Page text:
Following last week's blitz of coverage as part of the SF Homeless Project, Chron columnist C.W. Nevius is finally, predictably chiming in with his common-sense, let's-stop-the-nonsense take on what's arguably the city's most complex and intractable problem. And, predictably, he's got his own solution to the whole thing.

While Nevius makes some valid points — we can't simply say "this is going to cost a lot more money" without figuring out where that money is feasibly coming from, and yes, this should be the federal government's problem as much as it is ours, and America's major cities are bearing the brunt of the nation's ills when it comes to economic inequality, lack of affordable housing, mental health neglect, and substance abuse — he makes others based on faulty assumptions that have underpinned the debate over homelessness for three decades.

For one, he makes the oversimple statement, "any person who comes to San Francisco and sits down on the street becomes our problem." First of all, the fairly successful Homeward Bound program begun by Gavin Newsom has bought bus tickets home for near 10,000 people since the program began a decade ago, so in all those cases, people did not become "our problem." Also, this idea goes back to the age-old assumption that San Francisco is uniquely a magnet for the homeless because of the robustness of our services and handouts, even though the most recent point-in-time survey in 2015 showed that 71 percent of those living on the street had been housed in San Francisco before they became homeless (up from 61 percent in 2013), and only 10 percent said they had come here from out of state. In total, as the Chron's Heather Knight recently reminded us, about 425 of the 6,700 homeless counted in that survey said they had come here specifically for SF's homeless services — as Sherilyn Adams, executive director of Larkin Street Youth told the paper, "I think it’s a very rare occurrence that somebody who’s struggling Googles ‘homeless services’ and comes to us for them."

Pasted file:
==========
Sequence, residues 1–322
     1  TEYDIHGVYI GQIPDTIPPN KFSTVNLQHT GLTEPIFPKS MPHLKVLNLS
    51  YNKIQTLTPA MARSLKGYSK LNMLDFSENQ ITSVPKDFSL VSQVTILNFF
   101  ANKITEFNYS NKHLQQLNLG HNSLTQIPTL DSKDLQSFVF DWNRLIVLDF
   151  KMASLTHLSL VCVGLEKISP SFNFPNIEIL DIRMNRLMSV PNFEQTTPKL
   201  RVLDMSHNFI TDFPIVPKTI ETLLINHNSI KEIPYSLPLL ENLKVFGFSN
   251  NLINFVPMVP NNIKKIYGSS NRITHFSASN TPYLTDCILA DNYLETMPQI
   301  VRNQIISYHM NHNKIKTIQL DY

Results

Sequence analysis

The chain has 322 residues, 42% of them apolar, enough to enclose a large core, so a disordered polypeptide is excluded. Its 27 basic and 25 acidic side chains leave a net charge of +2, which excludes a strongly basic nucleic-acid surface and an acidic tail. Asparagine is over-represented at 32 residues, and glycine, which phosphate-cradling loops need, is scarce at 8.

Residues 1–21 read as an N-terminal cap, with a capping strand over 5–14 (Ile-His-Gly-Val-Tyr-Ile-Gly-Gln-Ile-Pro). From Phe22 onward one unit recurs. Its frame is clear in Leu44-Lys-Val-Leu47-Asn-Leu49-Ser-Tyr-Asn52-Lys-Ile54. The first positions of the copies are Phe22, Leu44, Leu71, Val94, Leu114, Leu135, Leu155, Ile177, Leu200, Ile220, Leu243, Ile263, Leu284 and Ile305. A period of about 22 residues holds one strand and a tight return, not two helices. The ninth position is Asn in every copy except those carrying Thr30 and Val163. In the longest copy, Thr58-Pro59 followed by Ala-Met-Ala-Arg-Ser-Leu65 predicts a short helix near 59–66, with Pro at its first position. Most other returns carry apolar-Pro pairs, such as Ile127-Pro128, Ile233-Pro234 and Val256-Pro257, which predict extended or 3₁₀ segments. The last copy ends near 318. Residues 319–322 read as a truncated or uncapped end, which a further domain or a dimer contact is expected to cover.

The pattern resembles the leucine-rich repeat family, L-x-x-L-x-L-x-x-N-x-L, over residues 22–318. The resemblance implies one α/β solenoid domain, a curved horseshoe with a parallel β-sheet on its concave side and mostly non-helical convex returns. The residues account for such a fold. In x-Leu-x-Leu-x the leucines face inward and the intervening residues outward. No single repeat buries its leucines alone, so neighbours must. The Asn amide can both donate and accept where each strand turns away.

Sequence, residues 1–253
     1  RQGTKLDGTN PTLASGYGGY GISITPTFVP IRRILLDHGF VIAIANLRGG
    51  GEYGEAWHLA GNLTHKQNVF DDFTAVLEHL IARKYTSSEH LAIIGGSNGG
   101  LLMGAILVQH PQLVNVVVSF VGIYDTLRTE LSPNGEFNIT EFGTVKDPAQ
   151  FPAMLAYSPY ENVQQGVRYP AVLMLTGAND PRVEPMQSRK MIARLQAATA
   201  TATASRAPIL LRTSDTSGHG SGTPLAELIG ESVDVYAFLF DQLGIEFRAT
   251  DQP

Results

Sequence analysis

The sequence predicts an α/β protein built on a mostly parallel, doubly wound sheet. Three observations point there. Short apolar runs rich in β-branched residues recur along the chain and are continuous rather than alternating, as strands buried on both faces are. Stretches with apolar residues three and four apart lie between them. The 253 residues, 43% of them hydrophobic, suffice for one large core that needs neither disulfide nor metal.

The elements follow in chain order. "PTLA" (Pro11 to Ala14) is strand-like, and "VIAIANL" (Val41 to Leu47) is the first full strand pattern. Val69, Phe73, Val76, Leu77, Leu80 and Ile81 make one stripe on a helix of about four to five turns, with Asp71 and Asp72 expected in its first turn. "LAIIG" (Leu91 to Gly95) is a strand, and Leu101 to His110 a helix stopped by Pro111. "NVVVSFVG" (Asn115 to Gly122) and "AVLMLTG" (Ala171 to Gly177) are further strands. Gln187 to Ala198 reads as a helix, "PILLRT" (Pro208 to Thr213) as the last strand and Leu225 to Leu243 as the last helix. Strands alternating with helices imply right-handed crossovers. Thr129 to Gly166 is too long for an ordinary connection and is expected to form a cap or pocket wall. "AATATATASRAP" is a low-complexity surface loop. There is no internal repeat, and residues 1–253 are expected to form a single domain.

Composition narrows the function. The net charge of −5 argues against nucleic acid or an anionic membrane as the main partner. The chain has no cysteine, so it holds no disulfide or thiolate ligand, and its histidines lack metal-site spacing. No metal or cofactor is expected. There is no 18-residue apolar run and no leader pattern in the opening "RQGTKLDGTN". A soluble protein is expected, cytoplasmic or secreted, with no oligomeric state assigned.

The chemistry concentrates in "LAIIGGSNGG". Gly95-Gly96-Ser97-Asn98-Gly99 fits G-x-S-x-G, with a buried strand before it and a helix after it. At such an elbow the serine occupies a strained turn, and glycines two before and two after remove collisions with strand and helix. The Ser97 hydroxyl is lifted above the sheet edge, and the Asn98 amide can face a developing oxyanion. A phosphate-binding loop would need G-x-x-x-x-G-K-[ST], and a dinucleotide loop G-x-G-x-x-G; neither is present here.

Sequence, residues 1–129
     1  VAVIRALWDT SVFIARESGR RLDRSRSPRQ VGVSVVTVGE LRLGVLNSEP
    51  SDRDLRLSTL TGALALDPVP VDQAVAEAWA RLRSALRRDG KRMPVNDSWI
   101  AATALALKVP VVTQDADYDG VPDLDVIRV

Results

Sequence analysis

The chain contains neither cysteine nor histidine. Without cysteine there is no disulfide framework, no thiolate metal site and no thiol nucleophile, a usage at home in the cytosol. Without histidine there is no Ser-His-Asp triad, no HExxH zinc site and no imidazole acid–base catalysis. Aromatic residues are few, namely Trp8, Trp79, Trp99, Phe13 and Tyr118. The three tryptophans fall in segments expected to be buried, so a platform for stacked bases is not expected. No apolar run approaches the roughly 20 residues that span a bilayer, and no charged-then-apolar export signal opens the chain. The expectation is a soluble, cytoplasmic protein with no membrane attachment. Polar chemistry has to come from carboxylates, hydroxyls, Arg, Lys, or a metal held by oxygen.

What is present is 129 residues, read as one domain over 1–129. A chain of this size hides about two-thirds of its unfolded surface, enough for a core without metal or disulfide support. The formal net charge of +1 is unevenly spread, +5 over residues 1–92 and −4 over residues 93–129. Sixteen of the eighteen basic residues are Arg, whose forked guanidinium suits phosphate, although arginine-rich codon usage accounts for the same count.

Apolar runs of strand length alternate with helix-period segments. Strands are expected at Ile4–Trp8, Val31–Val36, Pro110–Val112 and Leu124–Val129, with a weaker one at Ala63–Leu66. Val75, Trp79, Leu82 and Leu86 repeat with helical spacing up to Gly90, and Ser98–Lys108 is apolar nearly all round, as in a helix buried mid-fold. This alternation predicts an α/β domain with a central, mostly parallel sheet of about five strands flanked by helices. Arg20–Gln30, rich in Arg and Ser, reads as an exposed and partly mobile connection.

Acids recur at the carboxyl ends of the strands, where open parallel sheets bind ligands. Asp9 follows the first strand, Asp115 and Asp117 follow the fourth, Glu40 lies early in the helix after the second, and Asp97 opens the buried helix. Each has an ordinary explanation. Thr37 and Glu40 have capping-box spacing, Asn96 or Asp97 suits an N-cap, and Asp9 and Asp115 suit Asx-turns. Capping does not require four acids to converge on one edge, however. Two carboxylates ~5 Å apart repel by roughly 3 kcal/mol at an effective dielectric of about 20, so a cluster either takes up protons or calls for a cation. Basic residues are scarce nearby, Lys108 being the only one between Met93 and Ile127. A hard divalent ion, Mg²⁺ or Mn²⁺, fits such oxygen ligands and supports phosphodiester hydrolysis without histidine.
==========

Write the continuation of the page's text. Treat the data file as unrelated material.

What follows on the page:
San Francisco isn't demonstrably the magnet for the homeless or downtrodden that many think it is, either. As Mother Jones illustrated last week in several charts, New York and Jacksonville still have us beat in terms of the percent of our total population that is homeless, and both Los Angeles and San Jose have higher rates of homeless who are unsheltered.